What is also important in developing countries is the effectiveness of financial system in spurring economic growth. With stronger financial development, firms can actually gain more access to finance at a lower cost. This factor could moderate the relationship between trade payables and cash for some reasons. When firms can access external financing at a lower opportunity cost, the positive association between payables and cash (if any) should be weaker. Meanwhile, the negative association (again, if any) that results from the substitution effect can also change since financial development may alter the significance of each of the two factors as the financing source for firms’ operations (see, for example, Kling et al. 7 for payables-loans linkage. Accordingly, the examination of the role of financial development is important. In the context of Vietnam, previous studies (like Tran et al. 8 ) tend to focus on the role of financial development on firms’ efficiency, hence economic growth.

Across the globe, there are often studies that highlight the beneficial role of financial development, see for example, King and Levine 9 , Levine et al. 10 , Alhassan et al. 11 . Rajan and Zingales 12 praise the merits of financial development in overcoming problems of moral hazard and adverse selection, which explains why firm’s external financing cost is high. In examining the moderating role of financial development on the link between the two factors, we can uncover the additional mechanisms through which financial development can affect the economy, especially in developing ones. This is important since literature still has not reach consensus on how the development of financial system can affect the economy.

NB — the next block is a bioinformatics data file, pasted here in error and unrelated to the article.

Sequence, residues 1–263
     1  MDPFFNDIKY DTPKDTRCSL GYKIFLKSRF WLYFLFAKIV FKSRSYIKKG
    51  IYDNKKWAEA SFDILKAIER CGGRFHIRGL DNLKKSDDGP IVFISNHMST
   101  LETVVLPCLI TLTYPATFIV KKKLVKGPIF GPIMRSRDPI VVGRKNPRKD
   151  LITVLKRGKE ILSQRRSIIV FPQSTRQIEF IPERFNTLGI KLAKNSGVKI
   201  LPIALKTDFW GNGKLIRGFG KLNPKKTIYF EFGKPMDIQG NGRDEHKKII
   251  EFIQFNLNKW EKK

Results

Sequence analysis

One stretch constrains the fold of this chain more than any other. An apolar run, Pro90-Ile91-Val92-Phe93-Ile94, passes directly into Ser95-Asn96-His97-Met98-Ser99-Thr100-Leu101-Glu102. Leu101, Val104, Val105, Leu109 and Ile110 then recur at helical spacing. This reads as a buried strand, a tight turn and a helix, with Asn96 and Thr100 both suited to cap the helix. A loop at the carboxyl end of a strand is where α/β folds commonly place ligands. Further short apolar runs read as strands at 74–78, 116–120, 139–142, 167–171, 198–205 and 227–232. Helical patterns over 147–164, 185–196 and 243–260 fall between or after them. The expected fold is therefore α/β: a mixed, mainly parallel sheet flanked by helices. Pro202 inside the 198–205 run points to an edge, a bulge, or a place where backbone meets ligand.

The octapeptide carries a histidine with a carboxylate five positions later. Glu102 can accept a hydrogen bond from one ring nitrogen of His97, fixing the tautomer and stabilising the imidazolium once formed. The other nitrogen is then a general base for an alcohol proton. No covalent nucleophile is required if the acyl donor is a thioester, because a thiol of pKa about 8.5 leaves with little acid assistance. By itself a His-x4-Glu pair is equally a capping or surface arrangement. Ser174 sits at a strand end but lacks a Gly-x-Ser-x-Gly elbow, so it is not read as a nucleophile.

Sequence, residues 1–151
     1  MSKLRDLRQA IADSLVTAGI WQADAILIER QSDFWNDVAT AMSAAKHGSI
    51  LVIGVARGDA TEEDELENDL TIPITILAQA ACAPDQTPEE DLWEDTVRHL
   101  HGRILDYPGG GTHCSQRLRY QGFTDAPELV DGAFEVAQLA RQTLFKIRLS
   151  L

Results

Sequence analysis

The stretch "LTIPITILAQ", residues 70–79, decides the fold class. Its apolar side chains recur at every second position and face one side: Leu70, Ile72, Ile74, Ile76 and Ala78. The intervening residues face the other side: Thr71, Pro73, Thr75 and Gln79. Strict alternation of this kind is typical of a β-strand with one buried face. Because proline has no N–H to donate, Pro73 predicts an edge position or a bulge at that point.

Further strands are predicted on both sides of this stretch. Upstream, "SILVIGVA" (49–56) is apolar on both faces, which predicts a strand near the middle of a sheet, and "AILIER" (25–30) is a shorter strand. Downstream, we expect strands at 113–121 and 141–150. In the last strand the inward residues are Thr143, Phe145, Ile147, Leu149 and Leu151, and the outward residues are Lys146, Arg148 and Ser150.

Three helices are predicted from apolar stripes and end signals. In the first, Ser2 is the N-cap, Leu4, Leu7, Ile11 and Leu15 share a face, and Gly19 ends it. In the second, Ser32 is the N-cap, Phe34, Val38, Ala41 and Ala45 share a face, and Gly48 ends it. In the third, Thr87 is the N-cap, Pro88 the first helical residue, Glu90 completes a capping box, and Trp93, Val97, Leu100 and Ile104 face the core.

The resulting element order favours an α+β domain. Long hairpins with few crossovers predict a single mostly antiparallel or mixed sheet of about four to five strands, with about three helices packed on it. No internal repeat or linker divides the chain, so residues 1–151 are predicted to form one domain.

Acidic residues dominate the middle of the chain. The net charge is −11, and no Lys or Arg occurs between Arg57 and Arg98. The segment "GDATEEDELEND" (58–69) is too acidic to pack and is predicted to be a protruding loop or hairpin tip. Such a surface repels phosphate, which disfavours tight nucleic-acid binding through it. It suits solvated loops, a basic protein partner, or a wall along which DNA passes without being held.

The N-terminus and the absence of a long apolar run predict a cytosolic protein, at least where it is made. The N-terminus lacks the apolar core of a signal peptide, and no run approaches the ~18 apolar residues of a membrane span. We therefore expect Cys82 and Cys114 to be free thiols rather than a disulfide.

To summarize, it is critical to examine the relationship between trade credit (account payables) and cash holdings in developing countries. A few studies on cash holdings have been conducted in the context of Vietnam, see for example, Nguyen et al. 13 , but little has been investigated in terms of the relationship between trade credit and cash holdings or how this might be affected by financial development. Up to 84% of enterprises across the nation has a need for trade credit so as to support their production and business operations. The "buying and selling on credit" of production materials is extremely important because businesses are never in a position where they have enough capital to rotate.

After the introduction, we discuss the theoretical and empirical studies in Section 2. Section 3 covers methodology-related content, which discusses the empirical models, hypotheses and description of research sample. Section 4 provides the discussion of the empirical results, and Section 5 concludes the paper and provides implications for relevant stakeholders.

LITERATURE REVIEW AND HYPOTHESIS DEVELOPMENT

C ash holding

According to Gill and Shah 14 , cash holding is cash or cash equivalent which can be easily converted into cash. There are several motives for cash holdings: transactional, speculative and precautionary ones 15 . Transaction motives are the need for cash holding for daily operations. peculative motives refer to the case when firms hold cash to exploit opportunities that may appear in the future. Precautionary motives resort to the required financial reserve (cash holding) of the firm. This is to allow firms to avoid cash shortages for investment. When in needs of investment, raising external finance is costly compared to using internally generated funds, especially in the case of information asymmetry 16 . Bates et al. 17 add two more motives, which are agency and tax-related ones. With regard to agency cost-related motive, managers might keep more cash for their own benefit, including empire building or some perquisites 18 , 19 .

Trade credit